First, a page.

Dr. Patty Hogan covered a lot of ground during a presentation at Laurel Park Feb. 6, but it all came back to one primary point for horsemen: Know when it’s time to retire a racehorse so it can move on to a second career.
Hogan, who operates Hogan Equine at Fair Winds Farm in central New Jersey, was invited to speak to Maryland horsemen by Beyond The Wire, an aftercare program launched in May 2017 by the Maryland Thoroughbred Horsemen’s Association and owners of racehorses, Maryland Jockey Club, Maryland Horse Breeders Association, and jockeys. One of the goals of Beyond The Wire is to educate owners and trainers on matters relevant to aftercare.
Hogan, who works with Thoroughbreds, Standardbreds and other breeds, said she has been involved in aftercare for about 20 years, and her passion for assisting retired racehorses remains strong. She also acknowledged that, like the typical horseman, she’s a business owner who understands the financial challenges of keeping horses in training. Thus, she discussed preventative measures that can protect racehorses.
Hogan set the stage by noting how society’s views on horses have changed, and she said the racing industry must be aware of it, especially in an environment of intense social media attention.
“People don’t realize how highly cared for these animals are,” Hogan said. “But today many view horses as companions or pets, so we have to know what people are thinking outside of (the racing industry). There is a new demographic—people believe welfare issues are critical. And the racing fan cares about these horses.”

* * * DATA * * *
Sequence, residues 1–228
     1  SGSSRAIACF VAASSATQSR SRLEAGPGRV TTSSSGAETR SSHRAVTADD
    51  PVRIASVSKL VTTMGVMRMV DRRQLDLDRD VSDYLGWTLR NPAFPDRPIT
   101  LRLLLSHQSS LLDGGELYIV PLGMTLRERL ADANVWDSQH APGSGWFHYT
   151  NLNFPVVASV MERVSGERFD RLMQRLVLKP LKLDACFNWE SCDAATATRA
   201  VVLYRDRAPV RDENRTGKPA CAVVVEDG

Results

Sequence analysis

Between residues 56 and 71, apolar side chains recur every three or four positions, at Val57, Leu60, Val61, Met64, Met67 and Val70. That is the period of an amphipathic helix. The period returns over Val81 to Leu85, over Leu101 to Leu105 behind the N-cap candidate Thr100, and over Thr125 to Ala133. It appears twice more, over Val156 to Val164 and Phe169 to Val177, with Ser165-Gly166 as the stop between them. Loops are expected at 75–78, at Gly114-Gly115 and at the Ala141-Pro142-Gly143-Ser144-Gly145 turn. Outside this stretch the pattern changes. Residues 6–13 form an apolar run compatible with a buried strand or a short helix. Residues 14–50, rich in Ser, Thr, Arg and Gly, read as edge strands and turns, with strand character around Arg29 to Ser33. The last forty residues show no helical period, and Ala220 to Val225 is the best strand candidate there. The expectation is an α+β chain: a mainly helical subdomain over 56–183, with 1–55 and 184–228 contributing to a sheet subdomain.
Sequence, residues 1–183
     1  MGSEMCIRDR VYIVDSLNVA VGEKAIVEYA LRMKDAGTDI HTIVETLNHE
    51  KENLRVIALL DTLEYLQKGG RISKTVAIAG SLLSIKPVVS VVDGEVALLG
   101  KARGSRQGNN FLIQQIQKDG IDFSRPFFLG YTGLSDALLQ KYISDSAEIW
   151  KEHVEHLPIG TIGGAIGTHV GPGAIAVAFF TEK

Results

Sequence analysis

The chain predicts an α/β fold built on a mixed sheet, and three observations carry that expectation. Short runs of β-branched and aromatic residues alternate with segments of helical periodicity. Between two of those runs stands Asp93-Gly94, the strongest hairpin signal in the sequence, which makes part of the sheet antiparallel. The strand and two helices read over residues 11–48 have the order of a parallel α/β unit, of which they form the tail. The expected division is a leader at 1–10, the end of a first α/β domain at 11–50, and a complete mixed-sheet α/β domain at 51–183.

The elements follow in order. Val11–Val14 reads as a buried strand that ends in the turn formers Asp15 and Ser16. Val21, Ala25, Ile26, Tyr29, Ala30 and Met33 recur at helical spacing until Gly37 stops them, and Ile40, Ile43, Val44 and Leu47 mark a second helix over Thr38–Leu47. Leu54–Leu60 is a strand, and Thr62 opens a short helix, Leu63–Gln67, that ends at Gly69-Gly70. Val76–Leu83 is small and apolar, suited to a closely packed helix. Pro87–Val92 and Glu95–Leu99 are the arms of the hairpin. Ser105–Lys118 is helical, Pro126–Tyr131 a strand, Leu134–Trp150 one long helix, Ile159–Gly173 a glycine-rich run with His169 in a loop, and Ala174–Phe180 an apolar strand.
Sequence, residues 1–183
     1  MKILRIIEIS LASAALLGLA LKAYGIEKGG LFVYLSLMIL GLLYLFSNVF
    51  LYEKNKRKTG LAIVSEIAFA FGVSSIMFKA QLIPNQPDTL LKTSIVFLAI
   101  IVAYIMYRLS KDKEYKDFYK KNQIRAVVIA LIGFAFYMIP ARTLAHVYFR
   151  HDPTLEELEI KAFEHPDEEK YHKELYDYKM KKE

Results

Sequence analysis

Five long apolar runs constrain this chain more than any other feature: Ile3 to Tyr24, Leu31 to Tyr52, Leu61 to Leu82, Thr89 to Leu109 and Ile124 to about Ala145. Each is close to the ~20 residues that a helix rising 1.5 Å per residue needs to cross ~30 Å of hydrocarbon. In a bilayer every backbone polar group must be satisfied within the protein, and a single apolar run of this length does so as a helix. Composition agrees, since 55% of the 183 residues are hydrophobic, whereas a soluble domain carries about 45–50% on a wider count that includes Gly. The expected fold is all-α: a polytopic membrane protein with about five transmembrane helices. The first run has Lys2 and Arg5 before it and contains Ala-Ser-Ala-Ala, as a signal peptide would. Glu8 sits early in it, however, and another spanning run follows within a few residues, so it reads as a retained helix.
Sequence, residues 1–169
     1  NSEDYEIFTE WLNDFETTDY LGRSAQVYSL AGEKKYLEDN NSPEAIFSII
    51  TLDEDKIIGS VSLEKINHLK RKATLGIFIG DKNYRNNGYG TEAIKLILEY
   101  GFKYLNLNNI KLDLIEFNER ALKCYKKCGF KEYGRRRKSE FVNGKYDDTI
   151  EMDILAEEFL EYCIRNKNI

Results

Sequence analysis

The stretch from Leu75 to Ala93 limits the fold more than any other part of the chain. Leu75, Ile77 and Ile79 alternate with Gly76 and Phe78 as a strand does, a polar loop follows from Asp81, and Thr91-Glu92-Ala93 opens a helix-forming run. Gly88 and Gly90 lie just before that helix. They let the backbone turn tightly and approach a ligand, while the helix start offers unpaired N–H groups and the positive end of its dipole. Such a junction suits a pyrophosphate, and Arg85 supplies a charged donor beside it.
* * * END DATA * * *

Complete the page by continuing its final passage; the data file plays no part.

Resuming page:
Hogan used the Greyhound racing industry as an example. Dog racing was proactive in implementing and advertising adoption programs for retired racers, but intense pressure from animal rights’ groups still led to many states banning the sport.
“It really would behoove us to learn from other industries,” she said. “Any sport that uses animals is going to be highly criticized. We need to know who our adversaries are. If we don’t change the model it’s going to be changed by others.”
Hogan urged attendees to avoid what she called “One Last Race Syndrome”—continuing to race horses with chronic physical issues. In regard to why horses suffer serious leg injuries in races, she said what people may hear on the track—the horse stepped in a hole, took a bad step, was over-medicated, or the surface was in poor condition—could be factors but are incorrect.
“Unequivocally, horses break legs because of stress fractures,” she said.
Conformation, training regimens and the pressures of year-round racing can all take their toll on a racehorse, Hogan said. She also cited subchondral bone disease, which is a progression of “bone bruising,” as a factor.
Hogan said it’s very important for trainers to work closely with veterinarians and make sure that when X-rays are taken, they are comprehensive so a potential problem isn’t missed. “Vets need to take all views of a bone to give the proper diagnosis,” she said.
Hogan also said removing bone chips from joints diminishes arthritis, so “removal of simple chips can prolong both the life of that joint and the career of a horse. Lower-joint problems to me are the most frustrating for trainers because they need more of a ‘stop’ than upper-joint issues.”
Use of diagnostic tools such as radiographs, bone scans, MRIs and robotic imaging should be part of the process, Hogan said.
“The most important person to help with this problem is you,” she said. “You and your vet are the primary people to figure this out. By addressing physical issues, horses’ careers can be prolonged, breakdown rates can decline, and horses can have an increased chance of second careers.
“You don’t have to give these horses away; people will buy these horses (for second careers). It’s very important to make timely decisions (about when to retire a horse), because there are owners for these horses that will allow them to move on. Use the resources available to protect your horse and to protect yourself.”
By: Tom LaMarra